As midnight approached, the wild neon colors of the borealis storm came shimmering through the soft snow falling gently across Newcastle-Upon-Tyne. It was as if nature were partying along with the rest of the city, providing a jade-and-carmine light show far more elegant than any of the fireworks that had been bursting sporadically above the rooftops since Friday. Detective Third Grade Sidney Hurst watched batches of late-night revelers staggering along the frozen pavement, calling out greetings or challenges depending on how toxed up they were. Location 310-315 
Temperature didn’t affect the ring of smartcells around his iris that shone minuscule laser pulses down his optic nerves, overlaying the street with sharp display graphics, correlating what he looked at with coordinate locations for the visual log he was running. As per protocol, Sid’s bodymesh—the interconnective network produced by all his smartcells—quested a link with Ian, making sure they remained in contact. Ian was represented by a small purple icon at the corner of his sight. The bodymesh also downloaded the visual log through the car’s cell and into the police network. Location 364-369
The man’s frozen-white body was naked. Which wasn’t the bad thing. The nasty and unusual deep wound just above his heart wasn’t the career-killer, either. No, the one thing that jumped out at Sid was the victim’s identity. He was a North. That meant there would have to be a trial. One that ended with an utterly solid—beyond legal and media doubt—conviction. Fast. Once upon a time—131 years ago to be precise—there were three brothers. They were triplets. Born to separate mothers. Perfect clones of their incredibly wealthy father, Kane North. He named them Augustine, Bartram, and Constantine. Location 544-549 

“More than ripped, actually. Looks like they extracted the smartcells, too.”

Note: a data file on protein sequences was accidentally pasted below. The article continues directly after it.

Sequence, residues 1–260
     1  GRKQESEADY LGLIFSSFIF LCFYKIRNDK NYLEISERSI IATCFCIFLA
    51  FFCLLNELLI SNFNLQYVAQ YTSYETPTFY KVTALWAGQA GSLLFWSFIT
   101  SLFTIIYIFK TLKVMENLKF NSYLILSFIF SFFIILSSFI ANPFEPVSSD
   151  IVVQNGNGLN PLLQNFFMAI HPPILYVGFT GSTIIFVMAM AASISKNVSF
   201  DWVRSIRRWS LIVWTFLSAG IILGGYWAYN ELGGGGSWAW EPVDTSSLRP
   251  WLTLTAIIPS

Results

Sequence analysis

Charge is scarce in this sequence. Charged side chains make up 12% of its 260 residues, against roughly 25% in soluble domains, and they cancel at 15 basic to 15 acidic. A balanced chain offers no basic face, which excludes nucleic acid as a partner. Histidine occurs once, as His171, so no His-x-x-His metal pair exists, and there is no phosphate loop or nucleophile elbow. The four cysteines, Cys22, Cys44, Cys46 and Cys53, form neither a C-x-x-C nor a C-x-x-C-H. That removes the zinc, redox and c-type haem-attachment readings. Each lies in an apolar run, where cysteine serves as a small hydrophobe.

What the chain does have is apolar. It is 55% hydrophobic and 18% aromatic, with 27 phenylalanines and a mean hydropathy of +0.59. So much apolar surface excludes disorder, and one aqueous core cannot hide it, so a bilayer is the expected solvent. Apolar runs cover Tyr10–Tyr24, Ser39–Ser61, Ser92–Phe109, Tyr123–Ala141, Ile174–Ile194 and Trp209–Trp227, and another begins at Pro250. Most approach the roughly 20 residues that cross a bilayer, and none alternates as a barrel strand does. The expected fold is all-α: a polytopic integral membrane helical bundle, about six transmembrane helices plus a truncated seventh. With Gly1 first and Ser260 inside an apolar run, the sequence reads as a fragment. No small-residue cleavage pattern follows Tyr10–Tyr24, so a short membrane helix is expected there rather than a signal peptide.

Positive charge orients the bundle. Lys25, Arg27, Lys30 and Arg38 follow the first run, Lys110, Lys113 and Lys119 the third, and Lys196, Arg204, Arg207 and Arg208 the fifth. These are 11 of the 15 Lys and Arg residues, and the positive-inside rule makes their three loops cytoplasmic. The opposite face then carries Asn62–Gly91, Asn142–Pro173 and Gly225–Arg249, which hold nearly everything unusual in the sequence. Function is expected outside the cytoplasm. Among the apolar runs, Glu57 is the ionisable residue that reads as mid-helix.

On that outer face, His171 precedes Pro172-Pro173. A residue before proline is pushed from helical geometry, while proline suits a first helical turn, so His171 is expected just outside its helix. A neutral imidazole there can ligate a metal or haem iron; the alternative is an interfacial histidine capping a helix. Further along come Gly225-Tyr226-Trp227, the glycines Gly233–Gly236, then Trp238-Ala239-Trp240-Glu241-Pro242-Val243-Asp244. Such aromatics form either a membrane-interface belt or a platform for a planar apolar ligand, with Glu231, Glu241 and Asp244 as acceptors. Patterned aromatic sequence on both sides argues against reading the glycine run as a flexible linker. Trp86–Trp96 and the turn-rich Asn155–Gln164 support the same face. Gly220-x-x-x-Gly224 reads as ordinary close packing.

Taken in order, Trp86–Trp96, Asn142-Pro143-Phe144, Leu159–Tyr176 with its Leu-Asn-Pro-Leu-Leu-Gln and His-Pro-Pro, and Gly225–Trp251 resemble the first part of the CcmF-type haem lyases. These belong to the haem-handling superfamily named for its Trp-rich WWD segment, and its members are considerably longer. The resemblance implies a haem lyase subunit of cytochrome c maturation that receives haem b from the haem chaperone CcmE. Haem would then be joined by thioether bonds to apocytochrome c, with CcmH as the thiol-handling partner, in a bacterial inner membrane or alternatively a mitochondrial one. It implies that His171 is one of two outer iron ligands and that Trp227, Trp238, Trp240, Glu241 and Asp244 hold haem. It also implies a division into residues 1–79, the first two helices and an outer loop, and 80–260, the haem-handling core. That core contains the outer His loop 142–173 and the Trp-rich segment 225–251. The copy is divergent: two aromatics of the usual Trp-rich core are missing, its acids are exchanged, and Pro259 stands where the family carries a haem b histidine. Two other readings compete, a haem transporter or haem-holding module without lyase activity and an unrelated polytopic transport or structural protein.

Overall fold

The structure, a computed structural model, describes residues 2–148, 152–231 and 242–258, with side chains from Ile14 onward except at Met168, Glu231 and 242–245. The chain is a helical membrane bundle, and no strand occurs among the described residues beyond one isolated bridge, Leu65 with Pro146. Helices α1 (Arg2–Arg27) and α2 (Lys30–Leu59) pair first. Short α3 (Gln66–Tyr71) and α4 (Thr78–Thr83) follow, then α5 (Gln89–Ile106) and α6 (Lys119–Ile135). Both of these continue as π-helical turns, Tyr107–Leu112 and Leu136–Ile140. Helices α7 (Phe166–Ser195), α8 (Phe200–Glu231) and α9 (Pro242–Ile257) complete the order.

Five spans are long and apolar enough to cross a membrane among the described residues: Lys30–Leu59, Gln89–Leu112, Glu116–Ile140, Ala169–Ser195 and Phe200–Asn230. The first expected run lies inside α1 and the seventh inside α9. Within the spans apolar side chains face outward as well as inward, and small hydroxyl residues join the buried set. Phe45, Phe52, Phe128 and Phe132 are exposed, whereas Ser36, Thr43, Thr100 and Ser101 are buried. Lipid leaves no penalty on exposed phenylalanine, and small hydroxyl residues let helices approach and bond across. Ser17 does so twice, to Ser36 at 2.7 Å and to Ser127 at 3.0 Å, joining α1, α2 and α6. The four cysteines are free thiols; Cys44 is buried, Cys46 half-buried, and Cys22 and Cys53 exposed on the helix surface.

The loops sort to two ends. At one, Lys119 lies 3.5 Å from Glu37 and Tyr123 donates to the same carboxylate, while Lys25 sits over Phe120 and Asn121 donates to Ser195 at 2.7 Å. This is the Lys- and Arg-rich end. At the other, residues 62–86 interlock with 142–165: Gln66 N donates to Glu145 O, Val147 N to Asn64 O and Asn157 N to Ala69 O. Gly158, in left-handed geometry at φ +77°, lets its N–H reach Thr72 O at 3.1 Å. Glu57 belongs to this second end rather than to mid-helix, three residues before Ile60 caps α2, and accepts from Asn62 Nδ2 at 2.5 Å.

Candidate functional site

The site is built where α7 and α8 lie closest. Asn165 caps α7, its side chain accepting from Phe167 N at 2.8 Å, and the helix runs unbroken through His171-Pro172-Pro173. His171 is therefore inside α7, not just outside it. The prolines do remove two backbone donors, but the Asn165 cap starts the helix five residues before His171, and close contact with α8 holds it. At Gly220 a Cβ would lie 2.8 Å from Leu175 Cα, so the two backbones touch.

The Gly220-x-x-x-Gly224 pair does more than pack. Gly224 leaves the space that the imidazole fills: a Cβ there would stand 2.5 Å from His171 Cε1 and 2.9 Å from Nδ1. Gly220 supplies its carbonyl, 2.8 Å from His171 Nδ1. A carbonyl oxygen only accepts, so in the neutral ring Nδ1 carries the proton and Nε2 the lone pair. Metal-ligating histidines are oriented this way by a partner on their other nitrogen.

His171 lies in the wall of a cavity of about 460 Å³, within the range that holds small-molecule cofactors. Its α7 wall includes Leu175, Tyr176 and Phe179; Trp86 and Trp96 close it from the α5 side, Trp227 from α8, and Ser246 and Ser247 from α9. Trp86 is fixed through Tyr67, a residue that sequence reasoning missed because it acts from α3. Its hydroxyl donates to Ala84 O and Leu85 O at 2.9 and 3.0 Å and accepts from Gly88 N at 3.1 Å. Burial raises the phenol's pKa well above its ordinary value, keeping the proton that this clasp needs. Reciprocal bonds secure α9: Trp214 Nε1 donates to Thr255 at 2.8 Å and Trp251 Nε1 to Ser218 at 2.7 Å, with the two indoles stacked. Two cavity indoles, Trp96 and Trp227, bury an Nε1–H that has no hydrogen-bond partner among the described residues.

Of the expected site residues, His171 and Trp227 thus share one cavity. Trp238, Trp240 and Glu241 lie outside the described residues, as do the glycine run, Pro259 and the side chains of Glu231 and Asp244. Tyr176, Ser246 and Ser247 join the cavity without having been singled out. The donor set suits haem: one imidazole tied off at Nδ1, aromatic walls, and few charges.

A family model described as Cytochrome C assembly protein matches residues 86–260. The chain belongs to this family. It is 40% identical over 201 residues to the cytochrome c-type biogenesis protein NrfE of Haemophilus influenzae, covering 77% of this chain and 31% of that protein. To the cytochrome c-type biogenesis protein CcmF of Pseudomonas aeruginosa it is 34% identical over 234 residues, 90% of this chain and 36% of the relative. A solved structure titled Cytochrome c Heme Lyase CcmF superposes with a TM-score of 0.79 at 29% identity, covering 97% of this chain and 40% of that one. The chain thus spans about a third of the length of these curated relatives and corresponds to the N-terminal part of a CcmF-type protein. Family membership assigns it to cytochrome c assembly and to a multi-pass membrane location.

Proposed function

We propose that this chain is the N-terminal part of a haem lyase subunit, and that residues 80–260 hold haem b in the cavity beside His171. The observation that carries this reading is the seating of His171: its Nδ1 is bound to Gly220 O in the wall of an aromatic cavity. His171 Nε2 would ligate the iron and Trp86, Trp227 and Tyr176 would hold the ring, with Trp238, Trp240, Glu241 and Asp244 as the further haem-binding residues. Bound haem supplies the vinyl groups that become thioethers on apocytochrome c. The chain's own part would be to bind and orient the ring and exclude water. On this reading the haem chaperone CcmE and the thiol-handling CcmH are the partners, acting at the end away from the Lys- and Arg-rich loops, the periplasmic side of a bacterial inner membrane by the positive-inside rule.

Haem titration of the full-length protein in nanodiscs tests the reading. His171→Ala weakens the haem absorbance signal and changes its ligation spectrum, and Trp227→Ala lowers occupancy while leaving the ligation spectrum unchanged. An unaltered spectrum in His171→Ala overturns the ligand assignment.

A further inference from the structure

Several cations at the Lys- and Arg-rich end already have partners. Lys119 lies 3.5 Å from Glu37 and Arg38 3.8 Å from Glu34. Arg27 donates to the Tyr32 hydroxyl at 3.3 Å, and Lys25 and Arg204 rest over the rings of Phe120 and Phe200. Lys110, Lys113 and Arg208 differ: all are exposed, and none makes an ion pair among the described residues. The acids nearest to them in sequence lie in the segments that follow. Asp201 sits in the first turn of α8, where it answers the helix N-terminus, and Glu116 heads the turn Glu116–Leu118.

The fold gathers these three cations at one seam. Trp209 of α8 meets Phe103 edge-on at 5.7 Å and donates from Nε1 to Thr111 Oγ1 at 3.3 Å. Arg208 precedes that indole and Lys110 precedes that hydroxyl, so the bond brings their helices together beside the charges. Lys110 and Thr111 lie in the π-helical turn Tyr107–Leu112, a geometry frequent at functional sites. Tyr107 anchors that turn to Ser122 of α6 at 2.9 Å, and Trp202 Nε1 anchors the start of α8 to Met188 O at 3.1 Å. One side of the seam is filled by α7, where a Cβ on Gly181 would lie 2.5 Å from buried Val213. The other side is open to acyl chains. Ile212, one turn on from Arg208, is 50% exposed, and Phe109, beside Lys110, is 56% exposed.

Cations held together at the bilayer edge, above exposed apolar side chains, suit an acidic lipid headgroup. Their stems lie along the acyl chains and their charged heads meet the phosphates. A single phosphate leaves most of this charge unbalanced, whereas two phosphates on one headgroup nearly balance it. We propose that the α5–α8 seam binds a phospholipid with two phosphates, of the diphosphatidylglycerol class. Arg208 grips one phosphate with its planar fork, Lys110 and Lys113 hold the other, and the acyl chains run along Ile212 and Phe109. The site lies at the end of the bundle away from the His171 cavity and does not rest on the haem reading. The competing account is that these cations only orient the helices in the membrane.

“Aye, man. That’ll be a pro hit, then,” Ian said.
“Yeah. Turn his hands over please,” he asked the divers with their rubber gloves. The skin on the tip of every white frozen finger was missing. Somebody was trying to make identification difficult, which might make sense for a normal crime victim, but a North …? “Okay,” Sid said abruptly. “Get the examiner down here to clear and retrieve the body. I’m now officially reclassifying this case as a one-oh-one. All records to be backed up and forwarded to my case file.” Location 583-588
“A body has been found in the river. There’s a nasty puncture wound on the chest. I suspect smartcell extraction, too.”
“I see.”
 “Sir, our preliminary identification is a North.”
This time the silence really stretched out as grains of snow kissed Sid’s nose and cheeks. “Repeat please.”
“It’s a North clone, sir. We’re at the Millennium Bridge. The examiner’s clearing the body to be brought ashore now. In addition, I have four agency constables with me on scene, two divers and Captain Foy on the boat. The two civilians who found the body are having their statements taken.”
“I want a lockdown on the area right away. Everyone on scene is to be taken up to Market Street station immediately. No external communication, understood?” Location 611-619
“The HDA is taking over for one simple reason,” Elston said. “The murder method, or to be precise the instrument used to shred the victim’s heart.”
“But … we don’t even know what the hell it is yet,” Sid protested.
“That’s exactly what makes this so special. You see, the murder method has actually been employed once before.” Location 1598-1601

The recording started to play. Angela was struggling against the hold the guards had her in, shouting furiously. The camera zoomed in on her beautiful face as it contorted with rage. “No!” she shrieked. “No no no, I didn’t kill anybody. Why won’t you listen, you stupid f*cks. Listen to me! The alien did it. The monster. Do you understand? It ripped them apart. I swear it—” The image froze again, catching Angela’s mouth open, spittle flying.
“She repeats that same claim for five minutes while she’s dragged out,” Vance said. “In fact, she never stopped claiming it.”
An alien monster?” Ian asked quietly.
“That’s what she said. That was her entire defense. Location 1745-1752

He didn’t like the amount of hostility and skepticism building in the office. The team had arrived expecting to be shat on by a grubby little political appointee, courtesy of the Norths; not be totally screwed by a paranoid spook who believed they were facing an alien Armageddon. Location 1808-1810
In fact she was starting to feel angry that they were here, angry that in this day and age old men still coveted and exploited young girls as they always had, that there hadn’t been any social progress since Roman times, how actually opening up new worlds had been a backward step because so much was now beyond the reach of true civilization and accountability. And as they always did, the Norths took the whole scene with girls to its extreme, because they could, because excess defined them, because unaccountability was their god. Location 5697-5701

The Lord’s universe was a lot bigger than the human soul was comfortable with. Music started playing. Location 7792-7793